Media plays a critical role as a gatekeeper of information in today's society. Often it is the experienced anchors and reporters who understand the nuances of various topics that can get to the heart of the story. But, due to ever-changing technology, competition for an audience is at an all-time high. An industry that once buoyed coverage on the truth now needs the reaction to stay afloat.
How do news companies find a balance between credible reporting and giving the audience what they want to see? The answer to this question relies on the wishes of executives, producers and reporters.
Television, as a visual medium, presents compelling images on the screen to maintain viewership. New York City, as the largest city in the United States, plays a prominent role in the media. But these demands can create an awkward situation when the looks of an anchor or reporter are subject to scrutiny.
Discrimination occurs at the highest media platforms too
Maintaining a comely public image is part of building credibility in the media, but that requirement can sometimes go too far. Sportscaster and journalist Colleen Dominguez settled a gender and age discrimination lawsuit against her former employer, Fox Sports 1, in January.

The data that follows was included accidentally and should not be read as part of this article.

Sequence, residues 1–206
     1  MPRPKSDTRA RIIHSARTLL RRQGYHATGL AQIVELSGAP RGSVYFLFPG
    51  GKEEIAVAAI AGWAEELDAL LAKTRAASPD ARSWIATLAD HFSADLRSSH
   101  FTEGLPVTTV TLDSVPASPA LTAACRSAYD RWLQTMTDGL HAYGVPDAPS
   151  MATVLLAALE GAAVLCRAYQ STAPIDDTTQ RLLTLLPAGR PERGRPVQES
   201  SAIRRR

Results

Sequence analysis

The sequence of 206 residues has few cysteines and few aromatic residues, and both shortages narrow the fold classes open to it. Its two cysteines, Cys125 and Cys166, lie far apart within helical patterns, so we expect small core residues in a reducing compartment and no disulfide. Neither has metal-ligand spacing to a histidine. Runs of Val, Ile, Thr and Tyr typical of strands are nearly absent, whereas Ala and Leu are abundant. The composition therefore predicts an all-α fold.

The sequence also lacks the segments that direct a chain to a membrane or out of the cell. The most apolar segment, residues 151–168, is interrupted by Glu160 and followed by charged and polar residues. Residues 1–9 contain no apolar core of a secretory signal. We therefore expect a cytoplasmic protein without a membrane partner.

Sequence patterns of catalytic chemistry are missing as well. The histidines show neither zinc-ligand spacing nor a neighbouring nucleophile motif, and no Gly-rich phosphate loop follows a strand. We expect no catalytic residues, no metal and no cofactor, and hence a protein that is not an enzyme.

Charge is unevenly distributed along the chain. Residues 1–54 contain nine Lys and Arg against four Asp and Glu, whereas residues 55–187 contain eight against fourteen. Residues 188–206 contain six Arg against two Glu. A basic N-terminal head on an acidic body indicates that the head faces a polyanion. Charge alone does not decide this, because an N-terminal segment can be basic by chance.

Dominguez, age 54 at the time of her complaint, claimed she was pulled off of assignments in favor of younger reporters. Bosses also allegedly asked her to model herself after a younger female reporter on the network. Although her allegations never reached the courtroom, her experience is part of a larger trend of women who are forced out of the workplace because of their age.
Research shows women are more likely to face discrimination
A study by economists in California and Louisiana found that the callback rate for middle-aged female applicants for a sales job was lower than for young female applicants. Meanwhile, middle-aged males had the same callback rate as young male applicants for the same job.
Workplace discrimination could play another factor in the hardships women are prone to facing later in life. Not only are women more likely to be discriminated against in the workplace, life expectancy is also longer. This imbalance can leave women without the ability to maintain their lifestyle and independence through retirement.
An anti-discrimination lawsuit can allow women who are forced out of the workplace seek the compensation needed to accommodate healthcare and retirement expenses later in life. When the workplace performance of women is based on appearance, it could eventually be the employer who is trying to save face.